With solicitors, it’s all me, me, me
(Ok, maybe that’s a bit harsh. But articles like the one from the LSG below don’t do anything to dispel such impressions).
The legal profession is unprepared for conflicts of interest in personal injury law that will occur from 2012, the Gazette has been told. Such conflicts could leave PI lawyers open to negligence claims and increase professional indemnity insurance premiums.
The problem arises from the willingness of insurers to ‘capture’ both sides of the same claim. Although this is already a feature of the market, it is likely to be exacerbated by the arrival of alternative business structures.
Think of it as a the full meal deal.
Currently, law firms who act for both claimant and defendant clients refer one, or both, clients to other advisers when a direct conflict is identified.
However, the same insurer can have a role on both sides, and so have a role in calculating quantum. If QATs are used with their current ‘calibrations’ unchanged, claimants may settle for undervalued awards, leaving their legal advisers open to professional negligence claims.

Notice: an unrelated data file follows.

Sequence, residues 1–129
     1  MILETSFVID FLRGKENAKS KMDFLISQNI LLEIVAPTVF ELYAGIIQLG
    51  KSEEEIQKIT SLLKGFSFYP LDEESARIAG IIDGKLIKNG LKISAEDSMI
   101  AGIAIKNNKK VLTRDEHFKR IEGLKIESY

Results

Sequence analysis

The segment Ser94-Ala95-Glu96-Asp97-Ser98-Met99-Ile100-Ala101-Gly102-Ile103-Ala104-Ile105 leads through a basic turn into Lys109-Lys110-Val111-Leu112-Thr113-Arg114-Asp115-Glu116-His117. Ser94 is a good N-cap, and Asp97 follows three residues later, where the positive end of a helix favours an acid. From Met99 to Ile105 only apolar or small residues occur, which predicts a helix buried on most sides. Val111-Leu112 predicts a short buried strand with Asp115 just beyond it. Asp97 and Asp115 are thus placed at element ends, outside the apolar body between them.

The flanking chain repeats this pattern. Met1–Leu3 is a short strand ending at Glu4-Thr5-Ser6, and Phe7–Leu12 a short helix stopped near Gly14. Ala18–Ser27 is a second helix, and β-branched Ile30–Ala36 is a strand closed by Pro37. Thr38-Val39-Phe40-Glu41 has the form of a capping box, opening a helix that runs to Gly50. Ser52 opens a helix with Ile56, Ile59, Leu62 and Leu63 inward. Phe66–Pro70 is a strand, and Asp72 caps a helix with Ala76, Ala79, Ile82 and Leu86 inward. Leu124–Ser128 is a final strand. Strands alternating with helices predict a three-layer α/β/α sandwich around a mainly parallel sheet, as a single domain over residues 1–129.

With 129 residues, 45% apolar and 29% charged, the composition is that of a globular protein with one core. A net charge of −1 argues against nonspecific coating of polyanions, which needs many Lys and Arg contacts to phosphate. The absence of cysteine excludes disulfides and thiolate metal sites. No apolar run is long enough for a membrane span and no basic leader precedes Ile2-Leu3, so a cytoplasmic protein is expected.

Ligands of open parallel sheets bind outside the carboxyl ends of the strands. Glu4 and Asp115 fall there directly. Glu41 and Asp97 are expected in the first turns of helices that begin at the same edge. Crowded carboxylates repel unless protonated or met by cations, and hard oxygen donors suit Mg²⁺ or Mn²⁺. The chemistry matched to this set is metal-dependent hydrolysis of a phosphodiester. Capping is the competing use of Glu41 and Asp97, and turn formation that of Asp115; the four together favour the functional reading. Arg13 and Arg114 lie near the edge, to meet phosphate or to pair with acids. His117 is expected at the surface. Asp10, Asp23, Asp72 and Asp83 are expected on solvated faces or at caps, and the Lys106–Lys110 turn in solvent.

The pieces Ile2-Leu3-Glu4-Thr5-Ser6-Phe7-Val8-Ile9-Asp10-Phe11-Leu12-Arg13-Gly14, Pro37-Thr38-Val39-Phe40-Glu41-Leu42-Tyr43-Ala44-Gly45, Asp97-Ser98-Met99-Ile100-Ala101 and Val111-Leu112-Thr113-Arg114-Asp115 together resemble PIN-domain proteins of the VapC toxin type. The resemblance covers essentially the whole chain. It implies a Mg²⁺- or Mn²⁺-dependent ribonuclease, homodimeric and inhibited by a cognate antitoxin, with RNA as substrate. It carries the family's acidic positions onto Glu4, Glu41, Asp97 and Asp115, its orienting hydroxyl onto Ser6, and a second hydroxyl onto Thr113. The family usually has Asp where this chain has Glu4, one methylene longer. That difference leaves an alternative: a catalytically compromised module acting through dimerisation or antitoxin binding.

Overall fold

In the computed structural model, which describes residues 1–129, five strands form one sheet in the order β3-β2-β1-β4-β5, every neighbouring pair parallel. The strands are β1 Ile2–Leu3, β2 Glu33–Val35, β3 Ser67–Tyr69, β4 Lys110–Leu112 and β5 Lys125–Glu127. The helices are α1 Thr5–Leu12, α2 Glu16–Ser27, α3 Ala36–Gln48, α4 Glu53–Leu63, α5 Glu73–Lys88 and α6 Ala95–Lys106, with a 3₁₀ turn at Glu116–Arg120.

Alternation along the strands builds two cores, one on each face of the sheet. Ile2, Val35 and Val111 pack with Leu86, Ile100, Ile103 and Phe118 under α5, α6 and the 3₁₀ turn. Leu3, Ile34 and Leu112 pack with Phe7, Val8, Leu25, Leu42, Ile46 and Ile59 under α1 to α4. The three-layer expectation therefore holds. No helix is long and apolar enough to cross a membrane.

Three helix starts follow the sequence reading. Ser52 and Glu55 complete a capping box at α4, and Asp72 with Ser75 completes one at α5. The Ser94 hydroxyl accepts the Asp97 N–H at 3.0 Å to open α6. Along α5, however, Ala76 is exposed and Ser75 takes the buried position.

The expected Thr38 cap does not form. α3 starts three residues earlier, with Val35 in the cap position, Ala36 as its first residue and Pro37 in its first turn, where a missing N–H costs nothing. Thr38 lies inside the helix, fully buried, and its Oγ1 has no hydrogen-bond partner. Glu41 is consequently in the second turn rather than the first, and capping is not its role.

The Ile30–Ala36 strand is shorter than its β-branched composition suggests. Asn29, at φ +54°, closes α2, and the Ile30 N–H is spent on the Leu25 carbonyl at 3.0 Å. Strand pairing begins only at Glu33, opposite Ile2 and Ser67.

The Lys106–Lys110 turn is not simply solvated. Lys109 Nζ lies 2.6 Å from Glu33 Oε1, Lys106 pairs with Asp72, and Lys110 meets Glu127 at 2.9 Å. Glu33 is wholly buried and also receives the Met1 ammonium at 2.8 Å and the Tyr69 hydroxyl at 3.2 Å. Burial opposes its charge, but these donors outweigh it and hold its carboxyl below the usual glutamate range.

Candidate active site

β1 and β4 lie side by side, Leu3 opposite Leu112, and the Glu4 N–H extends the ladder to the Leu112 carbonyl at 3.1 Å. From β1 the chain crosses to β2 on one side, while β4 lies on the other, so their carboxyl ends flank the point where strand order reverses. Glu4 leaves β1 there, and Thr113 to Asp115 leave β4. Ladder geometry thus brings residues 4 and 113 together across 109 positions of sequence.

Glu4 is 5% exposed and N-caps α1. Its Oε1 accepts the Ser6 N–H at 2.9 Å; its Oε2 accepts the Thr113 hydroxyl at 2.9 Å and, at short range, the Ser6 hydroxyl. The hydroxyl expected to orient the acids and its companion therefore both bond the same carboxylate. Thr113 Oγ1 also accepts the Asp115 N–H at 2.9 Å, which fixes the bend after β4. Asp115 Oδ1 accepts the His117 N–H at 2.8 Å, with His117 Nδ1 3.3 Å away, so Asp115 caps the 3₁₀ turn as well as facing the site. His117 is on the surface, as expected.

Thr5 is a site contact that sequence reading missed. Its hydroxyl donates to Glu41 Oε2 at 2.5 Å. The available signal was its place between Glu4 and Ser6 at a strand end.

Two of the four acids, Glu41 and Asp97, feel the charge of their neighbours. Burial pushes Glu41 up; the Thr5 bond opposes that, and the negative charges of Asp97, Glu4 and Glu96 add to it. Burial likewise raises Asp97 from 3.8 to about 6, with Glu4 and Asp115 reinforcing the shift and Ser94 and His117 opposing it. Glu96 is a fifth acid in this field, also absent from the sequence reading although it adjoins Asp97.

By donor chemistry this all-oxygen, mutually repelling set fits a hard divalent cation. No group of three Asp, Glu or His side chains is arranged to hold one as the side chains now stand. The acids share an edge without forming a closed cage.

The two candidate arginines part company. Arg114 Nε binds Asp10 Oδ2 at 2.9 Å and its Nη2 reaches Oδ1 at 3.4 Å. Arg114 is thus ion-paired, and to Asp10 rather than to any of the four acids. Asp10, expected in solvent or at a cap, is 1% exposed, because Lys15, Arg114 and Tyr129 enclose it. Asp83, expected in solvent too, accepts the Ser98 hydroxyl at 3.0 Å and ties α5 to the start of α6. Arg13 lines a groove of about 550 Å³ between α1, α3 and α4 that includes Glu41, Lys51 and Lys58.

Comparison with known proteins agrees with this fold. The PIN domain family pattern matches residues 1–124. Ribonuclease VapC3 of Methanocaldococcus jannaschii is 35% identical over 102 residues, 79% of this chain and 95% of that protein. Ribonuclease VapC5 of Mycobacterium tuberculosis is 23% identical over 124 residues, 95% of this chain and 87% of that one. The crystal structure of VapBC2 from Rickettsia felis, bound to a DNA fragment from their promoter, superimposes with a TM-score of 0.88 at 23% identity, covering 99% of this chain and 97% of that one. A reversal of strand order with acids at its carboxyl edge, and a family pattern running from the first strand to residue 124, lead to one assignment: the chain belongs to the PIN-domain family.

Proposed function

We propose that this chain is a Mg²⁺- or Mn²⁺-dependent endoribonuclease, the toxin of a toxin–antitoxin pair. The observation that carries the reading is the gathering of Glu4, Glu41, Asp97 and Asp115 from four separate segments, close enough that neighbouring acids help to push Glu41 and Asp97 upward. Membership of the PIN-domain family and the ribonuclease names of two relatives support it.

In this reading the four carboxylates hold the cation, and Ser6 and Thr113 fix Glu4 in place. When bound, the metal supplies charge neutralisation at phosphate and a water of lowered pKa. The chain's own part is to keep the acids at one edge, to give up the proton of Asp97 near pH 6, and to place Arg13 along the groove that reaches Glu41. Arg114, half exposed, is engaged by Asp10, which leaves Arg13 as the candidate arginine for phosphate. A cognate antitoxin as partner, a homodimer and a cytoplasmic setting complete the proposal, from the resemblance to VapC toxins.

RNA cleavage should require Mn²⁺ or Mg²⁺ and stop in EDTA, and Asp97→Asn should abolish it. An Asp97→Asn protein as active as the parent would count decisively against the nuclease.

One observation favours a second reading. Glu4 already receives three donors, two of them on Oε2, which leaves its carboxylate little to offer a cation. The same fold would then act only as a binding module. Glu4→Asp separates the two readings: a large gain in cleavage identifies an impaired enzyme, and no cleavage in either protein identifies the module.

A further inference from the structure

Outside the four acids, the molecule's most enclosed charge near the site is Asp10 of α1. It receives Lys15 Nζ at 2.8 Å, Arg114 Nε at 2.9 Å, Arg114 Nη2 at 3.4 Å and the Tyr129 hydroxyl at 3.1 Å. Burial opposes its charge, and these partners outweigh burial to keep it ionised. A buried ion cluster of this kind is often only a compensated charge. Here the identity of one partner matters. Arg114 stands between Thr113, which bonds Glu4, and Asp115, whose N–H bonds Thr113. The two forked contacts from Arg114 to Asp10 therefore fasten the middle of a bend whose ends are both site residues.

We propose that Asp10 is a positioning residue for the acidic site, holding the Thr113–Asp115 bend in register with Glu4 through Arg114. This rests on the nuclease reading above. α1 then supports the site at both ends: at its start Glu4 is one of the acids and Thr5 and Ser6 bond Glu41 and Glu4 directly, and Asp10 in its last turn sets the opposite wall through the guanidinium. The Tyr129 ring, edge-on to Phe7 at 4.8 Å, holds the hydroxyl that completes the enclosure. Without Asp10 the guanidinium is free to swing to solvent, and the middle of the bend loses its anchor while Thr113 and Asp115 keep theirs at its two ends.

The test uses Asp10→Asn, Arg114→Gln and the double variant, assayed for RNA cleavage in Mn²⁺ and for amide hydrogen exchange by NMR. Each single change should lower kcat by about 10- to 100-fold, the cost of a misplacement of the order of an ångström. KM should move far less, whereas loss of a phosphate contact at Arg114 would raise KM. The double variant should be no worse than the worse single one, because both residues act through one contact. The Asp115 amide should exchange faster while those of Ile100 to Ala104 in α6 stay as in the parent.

Granted, the Law Society Gazette is a practitioner publication so their lawyer centric focus is to be expected. But it’s still interesting that the article leads with the risk and misfortune that might befall solicitors as a result of their clients suffering from deflated awards, rather than the clients themselves. Surely the focus should be on minimising the risk of undervalued awards being made in the first place because of the injustice to clients. The fact that clients might have a cause of action to sue their precious solicitor should be a secondary point. Aren’t clients the most important party here? You haven’t got to look very far through the SRA Code of Conduct 2011 to find plenty of support for that theory.